Rusty Brown and Mama Brown are on their way to the general store in search of a new kite for Rusty. On the way to the store, Rusty and Mama Brown notice different colors all around them—bright green grass, a shiny red car, a big purple ball, and many more. After seeing all the beautiful colors, Rusty knows just what kind of kite he wants: a rainbow-colored one. But does Mr. Hinkle, the store owner, have the kite that will make Rusty Brown's Colorful Day a success?
Dreaming, according to my personal and convincing analysis, is the reviewing of the previous days activities and committing them to memory. Each dream episode is symbolized by what we already have stored in our memory banks. Emotions or events will evoke a symbol that will appear in the dream along with other symbols already encoded to create a story line that seems strange, funny, or even slightly confused. The massive numbers of memories we have would be impossible to categorize separately. It is much more efficient to draw out these encoded symbols from our memory and store yesterdays memorable happenings in the same code. If we do not have a symbolic representation for something or someone, then that person, item, or activity will represent itself and create a new code. What compounds the mystery of symbolism is that each individual has established his own very personal ones throughout his own life experiences. Thus, no one is truly able to decipher anothers dream. A dream can even be the result of a radio or TV story heard during sleep and absorbed into the dream. The dialogue may be repeated quite accurately but the dreamer creates his own picture images. I have experienced this quite often, waking to ask, Why did she or he say this or that? and compare the reality to my dream scenes. (Perhaps we should give credence to the possibility that we might learn during sleep while a recorded voice recites the lesson repeatedly.) On the other hand, watching a TV program that impresses or evokes certain emotions can trigger a dream later with our own symbols to create our own episode. A sound can produce a quick little dream. Instantaneously - between a click before an alarm rings and the ring itself can cause a flash of a dream according to what that sound conjured up from our memory bank. If a sound does not wake us, we will weave it into our dream story in marvelous ways. Just a touch that probably would be unexplainable unless one woke up to the ongoing sound and recognize it as having been in our dream. Recurring dreams, I am convinced, represent a certain emotion or feeling that we experienced somewhere back in time and that scene is brought forward whenever it is needed to depict that emotion. The scene is representative of a prior emotional experience and comes forth as the same scene in our dream each time that same emotion is reflected from the previous day. Thus the recurrence. Our life experiences being different, so would our storage areas be comprised of different methods of remembering. The swimming scenes that recur occasionally in my dreams are always very pleasing to me. Even though I do not swim, simply watching swimmers evokes a relaxing, soothing sensation within me. Im sure the previous day had pleasurable times that were being reflected. On the other hand, when I dream of flooding or turbulent water, a negative experience in the previous day is revived in that same nights dream as an unpleasant water scene. Actually, the last swimming episode in my life was a near disaster for me and perhaps that particular occasion was the one that influences the negative evocation of water. Yet, strangely enough, watching people swim is a pleasure to me, hence the positive sensation. Other emotions anxiety, sadness, fear, anger, joy, etc., are represented in a symbolic manner that is unique to us alone, as is the original encoded episode. We require codes or symbols as mental shorthand to store in a compact unit the massive number of thoughts, activities and emotions we experience during a lifetime. The recurrence of certain episodes or metaphors eliminates the necessity to store another code. I believe it is erroneous to infer mystical or psychological interpretations. Dreams are a natural function of the marvelous composition of the human body such as blinking, swallowing, smiling, etc. There has not been a single dream that I have been unable to reconcile with the activities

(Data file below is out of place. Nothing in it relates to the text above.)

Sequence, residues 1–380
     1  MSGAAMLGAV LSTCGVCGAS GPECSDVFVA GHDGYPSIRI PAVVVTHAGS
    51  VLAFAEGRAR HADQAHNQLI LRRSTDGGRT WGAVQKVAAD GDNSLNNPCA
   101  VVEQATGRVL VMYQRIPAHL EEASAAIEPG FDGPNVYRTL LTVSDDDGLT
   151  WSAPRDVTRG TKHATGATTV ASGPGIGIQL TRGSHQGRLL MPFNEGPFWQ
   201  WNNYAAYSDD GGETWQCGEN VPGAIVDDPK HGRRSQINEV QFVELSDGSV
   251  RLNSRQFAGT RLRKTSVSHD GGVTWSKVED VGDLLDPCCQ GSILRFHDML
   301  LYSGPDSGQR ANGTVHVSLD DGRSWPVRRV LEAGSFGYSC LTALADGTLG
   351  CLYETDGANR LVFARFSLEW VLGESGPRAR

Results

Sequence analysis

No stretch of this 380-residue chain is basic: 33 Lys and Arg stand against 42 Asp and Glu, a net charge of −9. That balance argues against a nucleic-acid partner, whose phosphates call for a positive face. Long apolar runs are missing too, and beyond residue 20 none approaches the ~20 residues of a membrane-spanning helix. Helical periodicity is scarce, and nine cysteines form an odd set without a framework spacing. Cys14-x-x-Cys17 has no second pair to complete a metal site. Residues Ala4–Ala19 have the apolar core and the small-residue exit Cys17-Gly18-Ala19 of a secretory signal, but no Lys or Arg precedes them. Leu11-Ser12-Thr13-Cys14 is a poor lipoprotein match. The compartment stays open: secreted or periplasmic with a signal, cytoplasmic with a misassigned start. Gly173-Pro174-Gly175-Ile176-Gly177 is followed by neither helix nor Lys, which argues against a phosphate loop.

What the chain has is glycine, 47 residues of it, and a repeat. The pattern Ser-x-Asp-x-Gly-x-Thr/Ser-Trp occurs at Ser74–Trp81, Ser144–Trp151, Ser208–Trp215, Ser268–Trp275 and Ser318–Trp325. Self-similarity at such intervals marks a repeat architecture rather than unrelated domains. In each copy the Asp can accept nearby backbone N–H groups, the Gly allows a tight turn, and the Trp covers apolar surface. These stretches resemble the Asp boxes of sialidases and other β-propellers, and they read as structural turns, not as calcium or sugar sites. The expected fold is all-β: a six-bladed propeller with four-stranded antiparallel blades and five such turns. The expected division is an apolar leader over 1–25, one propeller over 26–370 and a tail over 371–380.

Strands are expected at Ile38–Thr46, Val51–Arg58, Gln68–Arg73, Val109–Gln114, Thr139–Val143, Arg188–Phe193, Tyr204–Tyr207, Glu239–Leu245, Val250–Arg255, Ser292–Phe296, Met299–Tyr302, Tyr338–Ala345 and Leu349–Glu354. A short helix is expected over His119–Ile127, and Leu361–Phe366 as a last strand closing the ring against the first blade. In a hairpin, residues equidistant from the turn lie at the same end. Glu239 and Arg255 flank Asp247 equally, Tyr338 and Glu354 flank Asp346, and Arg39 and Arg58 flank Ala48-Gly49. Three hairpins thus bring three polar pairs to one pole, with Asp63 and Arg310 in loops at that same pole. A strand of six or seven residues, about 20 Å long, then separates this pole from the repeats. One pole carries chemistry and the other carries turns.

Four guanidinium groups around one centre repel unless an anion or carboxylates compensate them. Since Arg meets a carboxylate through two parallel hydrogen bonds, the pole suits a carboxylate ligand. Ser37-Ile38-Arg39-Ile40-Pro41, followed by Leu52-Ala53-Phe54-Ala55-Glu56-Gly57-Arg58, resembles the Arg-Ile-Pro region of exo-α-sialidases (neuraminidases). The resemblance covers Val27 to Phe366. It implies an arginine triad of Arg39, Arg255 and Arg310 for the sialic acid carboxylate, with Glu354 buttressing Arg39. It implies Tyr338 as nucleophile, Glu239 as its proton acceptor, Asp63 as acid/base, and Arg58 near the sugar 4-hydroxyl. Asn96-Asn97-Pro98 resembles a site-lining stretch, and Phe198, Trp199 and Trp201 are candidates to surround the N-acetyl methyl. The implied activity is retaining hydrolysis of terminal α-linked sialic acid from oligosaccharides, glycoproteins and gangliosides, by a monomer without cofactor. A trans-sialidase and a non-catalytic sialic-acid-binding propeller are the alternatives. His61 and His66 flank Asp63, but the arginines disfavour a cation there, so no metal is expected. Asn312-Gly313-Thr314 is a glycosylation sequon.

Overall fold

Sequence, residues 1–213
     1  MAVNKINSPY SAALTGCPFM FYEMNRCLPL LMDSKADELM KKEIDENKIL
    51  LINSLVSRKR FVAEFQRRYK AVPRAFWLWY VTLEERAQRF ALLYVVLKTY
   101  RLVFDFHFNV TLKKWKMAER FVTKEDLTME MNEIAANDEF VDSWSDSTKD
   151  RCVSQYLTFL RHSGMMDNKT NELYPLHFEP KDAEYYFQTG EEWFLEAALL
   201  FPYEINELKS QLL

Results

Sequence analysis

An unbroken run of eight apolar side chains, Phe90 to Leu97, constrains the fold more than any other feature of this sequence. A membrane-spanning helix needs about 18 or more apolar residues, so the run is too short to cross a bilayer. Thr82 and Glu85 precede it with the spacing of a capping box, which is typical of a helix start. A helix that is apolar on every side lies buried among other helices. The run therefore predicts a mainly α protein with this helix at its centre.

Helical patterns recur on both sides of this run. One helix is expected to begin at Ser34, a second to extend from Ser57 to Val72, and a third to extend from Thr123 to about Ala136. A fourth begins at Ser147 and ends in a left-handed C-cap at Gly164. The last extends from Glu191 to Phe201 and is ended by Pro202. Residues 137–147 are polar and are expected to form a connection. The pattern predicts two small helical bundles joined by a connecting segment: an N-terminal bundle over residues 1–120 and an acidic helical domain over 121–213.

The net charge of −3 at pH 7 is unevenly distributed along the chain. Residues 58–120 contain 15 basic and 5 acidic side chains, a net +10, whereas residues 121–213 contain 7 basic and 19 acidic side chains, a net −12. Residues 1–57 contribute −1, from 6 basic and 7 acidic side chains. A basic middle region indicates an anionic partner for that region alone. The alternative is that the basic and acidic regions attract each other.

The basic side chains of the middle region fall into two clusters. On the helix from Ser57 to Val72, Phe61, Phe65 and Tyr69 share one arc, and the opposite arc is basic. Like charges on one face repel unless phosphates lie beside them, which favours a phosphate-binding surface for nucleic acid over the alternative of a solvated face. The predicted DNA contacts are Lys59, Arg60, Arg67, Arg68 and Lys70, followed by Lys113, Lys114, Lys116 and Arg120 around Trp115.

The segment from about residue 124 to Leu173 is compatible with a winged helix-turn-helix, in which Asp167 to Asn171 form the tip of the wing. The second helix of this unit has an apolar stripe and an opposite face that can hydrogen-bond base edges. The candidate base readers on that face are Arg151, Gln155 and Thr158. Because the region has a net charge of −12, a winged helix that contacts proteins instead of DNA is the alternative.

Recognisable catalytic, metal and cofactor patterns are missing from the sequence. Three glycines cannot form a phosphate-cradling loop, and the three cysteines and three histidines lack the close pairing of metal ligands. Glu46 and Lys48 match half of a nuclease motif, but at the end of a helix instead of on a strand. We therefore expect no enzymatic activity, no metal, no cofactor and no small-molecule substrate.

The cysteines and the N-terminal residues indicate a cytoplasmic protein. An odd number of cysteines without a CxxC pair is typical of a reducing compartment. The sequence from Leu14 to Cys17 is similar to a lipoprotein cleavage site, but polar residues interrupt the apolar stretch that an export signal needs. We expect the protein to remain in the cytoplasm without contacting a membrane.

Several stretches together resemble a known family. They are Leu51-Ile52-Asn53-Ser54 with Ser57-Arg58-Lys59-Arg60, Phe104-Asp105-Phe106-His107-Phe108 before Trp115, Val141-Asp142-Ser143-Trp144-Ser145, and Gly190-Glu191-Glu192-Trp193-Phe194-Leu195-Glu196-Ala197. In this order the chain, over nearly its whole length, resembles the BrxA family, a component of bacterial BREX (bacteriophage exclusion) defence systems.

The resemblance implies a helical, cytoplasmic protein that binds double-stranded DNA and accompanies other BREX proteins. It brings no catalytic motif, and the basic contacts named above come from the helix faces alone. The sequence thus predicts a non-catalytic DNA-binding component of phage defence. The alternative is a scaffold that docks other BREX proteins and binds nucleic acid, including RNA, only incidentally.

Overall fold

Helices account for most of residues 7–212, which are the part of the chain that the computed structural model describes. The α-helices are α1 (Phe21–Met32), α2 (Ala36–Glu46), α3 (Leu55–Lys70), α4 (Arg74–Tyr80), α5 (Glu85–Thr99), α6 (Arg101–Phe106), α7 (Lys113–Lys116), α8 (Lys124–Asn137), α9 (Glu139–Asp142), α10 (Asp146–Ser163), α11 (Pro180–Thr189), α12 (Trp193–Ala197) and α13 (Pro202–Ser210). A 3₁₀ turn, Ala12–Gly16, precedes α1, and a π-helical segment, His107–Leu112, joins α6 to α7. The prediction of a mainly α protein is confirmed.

This is a report about the Lahu people, more precisely, the Lahu Na divisions of the several ethnic Lahuspeaking tribal groups. During the period of this report written by Harold Mason Young, most of the Lahu Na lived in northeastern Burma,in the Kengtung Shan State of Burma and the bordering province of Yunnan, China. Harold's focus on the Lahu Na arose from the unusual experience of having been born of missionary parents (1901, Kengtung, Burma) and not only growing up among the Lahu, but working with them as a missionary during his young adult years in Banna, China. Naturally Harold would learn to speak Shan and Lahu, and more important, to become united with this unique culture. Harold accumulated knowledge and appreciation for their ways as few other foreigners from the outside world would accomplish during this time of history. Harold considered the Lahu Na as unique, and while similar to other Lahu hill people, they were distinct in their own ways. In this book he carefully details the people, their history as passed down from generation to generation, their customs, beliefs and rituals, and most notable, their wonderful knowledge of nature. Harold's report of the Lahu Na during this period of history is extraordinary as the Lahu people did not write or document any of these cultural points of interest, and the fact that he made the effort to write this book makes available to all a piece of history that is almost now lost to the modern world. This book is not intended to be a formal work on the cultural anthropology of the Lahu people, yet considerable information has been offered here to students of disappearing cultures. It is intended that this collection will expand information that students of social sciences might seek, and if that is realized, then the efforts of publishing Harold's writing, with its detailed and sincere reporting, will have been sufficiently rewarded. The Gordon Young Family